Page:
Special Report - Direct Mail Technology: 3 Important Ways Print Is Transforming Direct Mail
Since the dawn of the Web, people having been finding excuses to declare print dead. One of those has long been that it's not interactive or as flexible as digital communications. But what if your mailpiece could be just as interactive and flexible as any Web page?
Those capabilities exist now; the only challenge is getting your customers to accept them.
Several articles in this issue of Target Marketing were "activated" using augmented reality technology (we used Layar, but Actable and Aurasma provide similar services). This allows our readers to launch digital content directly from the pages of the magazine, essentially the same way you would launch articles or media directly from an e-newsletter or other digital media.
That's not the first time we've used advances in print-related technology to add digital capabilities to this print magazine. Many issues have included QR Codes that launched exclusive Web content. And of course, there are URLs and social media handles scattered throughout just about any magazine today.
QR Codes and augmented reality may or may not catch on with users. But the capabilities they promise have to excite anyone who works in print—we are talking about the ability to literally make text and images jump off the page. And that is only one of the new technologies creating new opportunities for print marketing.
In this special report, two more articles explore how advances in today's printing technology allow marketers to leverage direct mail like never before. And of course, we have links to read more about it online! The conversation begins in print, but it doesn't have to end just because the page does. —Thorin McGee
A Digital Press Printed That? You Might Be Surprised What Today's Technologies Let You Do
From basic wood block printing to advanced industrial processes, the options for creating print using analog or digital techniques provide a plethora of options for designers. But designers are always looking for the next technique they can use for differentiation. Digital print techniques have been on the frontline as new options for toner, liquid toner and varieties of ink-jet have opened the door to high coverage printing on a wider variety of substrates, all supported by innovations in finishing.
How Is Digital Different?
Have you kept up with the times? A surprising number of print designers and print buyers have missed the revolution in digital print, but it's never too late to get educated. Whether you are designing direct mail marketing, billboards, high-value marketing collateral or even floors and wall coverings, there are digital options you should be considering.
The definition of digital printing is a good place to start. Throughout this magazine and across the Internet you can find definitions of digital printing. In its simplest form, digital printing requires a file that is interpreted by a digital front end and turned into printed output. For every type of digital printing, those file formats and digital interpreters will be different, and understanding them, as well as the technologies they control, is what can give a designer an advantage.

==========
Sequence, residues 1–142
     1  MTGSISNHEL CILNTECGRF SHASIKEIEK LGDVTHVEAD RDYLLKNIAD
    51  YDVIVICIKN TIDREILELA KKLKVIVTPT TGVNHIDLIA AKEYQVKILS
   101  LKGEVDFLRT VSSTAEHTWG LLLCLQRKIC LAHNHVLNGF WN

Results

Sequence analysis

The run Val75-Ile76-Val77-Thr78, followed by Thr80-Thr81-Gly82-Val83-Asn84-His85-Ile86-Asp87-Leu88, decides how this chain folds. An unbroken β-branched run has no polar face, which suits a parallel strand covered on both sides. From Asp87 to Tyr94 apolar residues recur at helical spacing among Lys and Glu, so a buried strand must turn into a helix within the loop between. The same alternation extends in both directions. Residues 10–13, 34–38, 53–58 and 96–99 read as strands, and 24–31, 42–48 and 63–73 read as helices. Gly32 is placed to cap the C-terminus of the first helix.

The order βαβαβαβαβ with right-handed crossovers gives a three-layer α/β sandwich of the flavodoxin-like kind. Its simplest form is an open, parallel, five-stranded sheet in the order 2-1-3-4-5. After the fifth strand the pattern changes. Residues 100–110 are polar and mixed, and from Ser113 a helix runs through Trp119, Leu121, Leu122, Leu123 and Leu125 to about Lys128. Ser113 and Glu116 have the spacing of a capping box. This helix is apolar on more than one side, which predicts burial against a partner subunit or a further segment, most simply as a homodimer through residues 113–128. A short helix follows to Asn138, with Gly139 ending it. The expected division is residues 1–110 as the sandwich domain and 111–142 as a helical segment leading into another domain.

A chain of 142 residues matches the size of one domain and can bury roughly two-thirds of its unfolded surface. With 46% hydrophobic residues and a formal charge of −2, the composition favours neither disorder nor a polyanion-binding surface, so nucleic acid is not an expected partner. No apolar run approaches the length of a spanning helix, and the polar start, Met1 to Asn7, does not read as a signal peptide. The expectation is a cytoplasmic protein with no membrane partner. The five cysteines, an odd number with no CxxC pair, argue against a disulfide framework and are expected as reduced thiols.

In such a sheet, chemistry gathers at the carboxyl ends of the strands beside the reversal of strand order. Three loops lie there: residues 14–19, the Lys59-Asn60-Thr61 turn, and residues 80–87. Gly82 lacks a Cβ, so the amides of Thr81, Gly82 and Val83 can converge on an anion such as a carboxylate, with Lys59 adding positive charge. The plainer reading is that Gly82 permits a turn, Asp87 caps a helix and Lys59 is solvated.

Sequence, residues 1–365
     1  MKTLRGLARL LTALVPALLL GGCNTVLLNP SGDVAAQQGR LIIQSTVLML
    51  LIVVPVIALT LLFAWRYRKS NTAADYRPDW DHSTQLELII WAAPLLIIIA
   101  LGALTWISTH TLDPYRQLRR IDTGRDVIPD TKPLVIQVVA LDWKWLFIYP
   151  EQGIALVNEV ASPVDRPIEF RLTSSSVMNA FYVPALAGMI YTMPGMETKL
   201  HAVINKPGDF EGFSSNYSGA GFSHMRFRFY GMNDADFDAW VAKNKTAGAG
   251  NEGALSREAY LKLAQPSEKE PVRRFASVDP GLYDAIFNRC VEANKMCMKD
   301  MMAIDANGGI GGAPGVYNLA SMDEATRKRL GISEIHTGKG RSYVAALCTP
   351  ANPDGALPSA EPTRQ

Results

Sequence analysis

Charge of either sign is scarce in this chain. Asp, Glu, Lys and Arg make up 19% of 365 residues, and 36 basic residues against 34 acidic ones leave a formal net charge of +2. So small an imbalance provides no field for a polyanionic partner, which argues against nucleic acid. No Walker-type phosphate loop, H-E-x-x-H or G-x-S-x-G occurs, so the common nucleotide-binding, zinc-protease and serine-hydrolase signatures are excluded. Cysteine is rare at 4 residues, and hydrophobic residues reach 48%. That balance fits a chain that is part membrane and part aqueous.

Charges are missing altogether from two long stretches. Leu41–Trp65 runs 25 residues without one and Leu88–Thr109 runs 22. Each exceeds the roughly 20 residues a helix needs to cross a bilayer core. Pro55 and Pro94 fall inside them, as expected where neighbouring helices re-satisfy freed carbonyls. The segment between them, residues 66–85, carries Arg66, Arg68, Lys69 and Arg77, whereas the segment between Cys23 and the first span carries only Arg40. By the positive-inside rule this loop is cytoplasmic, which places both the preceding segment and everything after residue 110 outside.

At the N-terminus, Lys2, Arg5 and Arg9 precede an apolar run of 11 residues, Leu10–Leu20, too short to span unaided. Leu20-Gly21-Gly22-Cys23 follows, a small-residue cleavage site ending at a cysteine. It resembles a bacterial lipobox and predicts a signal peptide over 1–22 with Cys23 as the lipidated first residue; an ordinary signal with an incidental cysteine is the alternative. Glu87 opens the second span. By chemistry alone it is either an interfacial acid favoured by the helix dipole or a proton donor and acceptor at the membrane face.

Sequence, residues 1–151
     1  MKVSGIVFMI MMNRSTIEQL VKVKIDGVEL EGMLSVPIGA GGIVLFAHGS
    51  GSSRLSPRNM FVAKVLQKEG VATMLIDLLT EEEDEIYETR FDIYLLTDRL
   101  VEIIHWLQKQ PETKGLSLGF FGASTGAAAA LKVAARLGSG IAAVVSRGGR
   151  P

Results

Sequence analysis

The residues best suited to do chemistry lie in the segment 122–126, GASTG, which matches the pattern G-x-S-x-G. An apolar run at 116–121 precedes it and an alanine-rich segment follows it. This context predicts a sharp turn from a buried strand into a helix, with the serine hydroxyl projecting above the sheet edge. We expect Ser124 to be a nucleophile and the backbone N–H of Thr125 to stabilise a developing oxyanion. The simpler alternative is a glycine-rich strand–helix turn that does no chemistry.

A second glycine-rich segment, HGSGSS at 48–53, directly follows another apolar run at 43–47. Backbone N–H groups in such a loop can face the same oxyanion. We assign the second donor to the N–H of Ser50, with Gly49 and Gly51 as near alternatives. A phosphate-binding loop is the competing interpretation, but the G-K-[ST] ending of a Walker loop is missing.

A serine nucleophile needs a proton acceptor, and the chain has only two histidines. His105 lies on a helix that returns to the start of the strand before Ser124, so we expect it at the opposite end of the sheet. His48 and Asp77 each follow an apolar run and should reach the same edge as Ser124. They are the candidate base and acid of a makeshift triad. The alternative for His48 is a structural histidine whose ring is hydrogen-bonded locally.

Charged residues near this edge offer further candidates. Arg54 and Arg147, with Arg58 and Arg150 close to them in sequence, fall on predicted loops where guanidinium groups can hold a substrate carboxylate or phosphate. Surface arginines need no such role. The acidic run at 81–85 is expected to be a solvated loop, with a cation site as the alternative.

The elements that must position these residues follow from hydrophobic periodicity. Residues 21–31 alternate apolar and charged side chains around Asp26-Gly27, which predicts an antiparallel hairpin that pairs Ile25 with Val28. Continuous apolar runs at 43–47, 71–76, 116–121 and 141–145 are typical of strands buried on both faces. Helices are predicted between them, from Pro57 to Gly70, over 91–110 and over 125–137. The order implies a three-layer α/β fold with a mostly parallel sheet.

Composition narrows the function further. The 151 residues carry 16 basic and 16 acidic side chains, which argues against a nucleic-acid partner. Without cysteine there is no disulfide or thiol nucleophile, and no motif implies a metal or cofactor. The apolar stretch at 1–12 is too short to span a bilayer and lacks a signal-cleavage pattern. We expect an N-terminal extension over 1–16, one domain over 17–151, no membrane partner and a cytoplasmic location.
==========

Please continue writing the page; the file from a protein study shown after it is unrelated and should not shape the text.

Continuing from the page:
Starting with marks on a substrate, electrophotographic (EP) printing technology today provides options for printing white on dark substrates, using metallic colors, and a wide variety of glossy, matte and textured coatings that may be printed in-line or added in post-processing. Don't forget options for printing with custom-formulated colors and extending the color gamut with more than the traditional four-color processes that can include light cyan, light magenta, light yellow and gray variations. If you have never worked with the new generation of digital presses, it's worth investigating these options for your marketing collateral and direct marketing needs.
Moving on to ink-jet technology, the options have grown to include high resolution printing, custom color formulations and the ability to print on more substrates. Need custom flooring? There are companies that can take your designs and turn them into a custom-designed floor. The same is true with wall coverings.
Individualization and Finishing
Both EP and ink-jet technology have attracted packaging designers who see the ability to create completely custom packaging as a path to fraud prevention, as well as customer-directed personalization. When you can print every box of cereal or every label individually, the options are endless.
Just one example of individualized printing is a project called "Share a Coke." The project is in 32 countries, where the common names in the country are added to the bottle labels. Walk into your local store and find your name for that personal experience, brought to you by digital print technology.
Think about how that option might change your next direct mail campaign, or even your in-store marketing.
Another differentiator can be your finishing. Have you checked out Trish Witkowski's Fold Factory website (foldfactory.com) to see all you can do to create unique experiences? FoldFactory has resources and ideas to free you from the idea that marketing has to be a flat postcard and marketing collateral has to be a simple sheet printed front and back.